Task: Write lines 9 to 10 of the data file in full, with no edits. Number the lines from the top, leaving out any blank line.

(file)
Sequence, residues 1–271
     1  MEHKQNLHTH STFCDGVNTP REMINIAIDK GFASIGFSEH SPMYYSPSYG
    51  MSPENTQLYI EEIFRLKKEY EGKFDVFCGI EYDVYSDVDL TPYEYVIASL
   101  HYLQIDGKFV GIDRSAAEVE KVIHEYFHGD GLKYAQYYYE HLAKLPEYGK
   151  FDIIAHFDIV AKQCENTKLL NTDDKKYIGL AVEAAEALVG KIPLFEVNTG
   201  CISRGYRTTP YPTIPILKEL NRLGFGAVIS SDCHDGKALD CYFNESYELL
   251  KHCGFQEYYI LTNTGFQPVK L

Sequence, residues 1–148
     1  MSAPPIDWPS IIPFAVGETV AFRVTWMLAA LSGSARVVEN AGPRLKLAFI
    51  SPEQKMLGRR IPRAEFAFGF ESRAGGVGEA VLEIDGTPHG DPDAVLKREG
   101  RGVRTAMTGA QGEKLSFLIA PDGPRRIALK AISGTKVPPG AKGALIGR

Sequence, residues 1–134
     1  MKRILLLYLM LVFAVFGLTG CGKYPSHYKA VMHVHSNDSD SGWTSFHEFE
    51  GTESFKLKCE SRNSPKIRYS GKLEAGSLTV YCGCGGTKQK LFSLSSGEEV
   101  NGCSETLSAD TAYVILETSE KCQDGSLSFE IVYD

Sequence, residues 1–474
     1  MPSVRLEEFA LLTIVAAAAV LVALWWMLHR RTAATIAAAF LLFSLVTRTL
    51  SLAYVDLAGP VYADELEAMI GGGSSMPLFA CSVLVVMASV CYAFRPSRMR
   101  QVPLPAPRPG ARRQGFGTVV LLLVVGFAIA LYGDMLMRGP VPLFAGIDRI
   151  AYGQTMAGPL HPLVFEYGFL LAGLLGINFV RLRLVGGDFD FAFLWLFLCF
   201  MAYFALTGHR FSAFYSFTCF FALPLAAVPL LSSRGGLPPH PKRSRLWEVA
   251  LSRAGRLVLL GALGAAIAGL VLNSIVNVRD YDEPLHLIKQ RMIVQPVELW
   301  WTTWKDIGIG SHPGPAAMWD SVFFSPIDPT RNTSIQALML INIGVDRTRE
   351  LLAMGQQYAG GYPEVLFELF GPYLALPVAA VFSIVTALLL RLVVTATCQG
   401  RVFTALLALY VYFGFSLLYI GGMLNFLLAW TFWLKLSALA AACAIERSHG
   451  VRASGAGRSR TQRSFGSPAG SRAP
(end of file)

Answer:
     1  MSAPPIDWPS IIPFAVGETV AFRVTWMLAA LSGSARVVEN AGPRLKLAFI
    51  SPEQKMLGRR IPRAEFAFGF ESRAGGVGEA VLEIDGTPHG DPDAVLKREG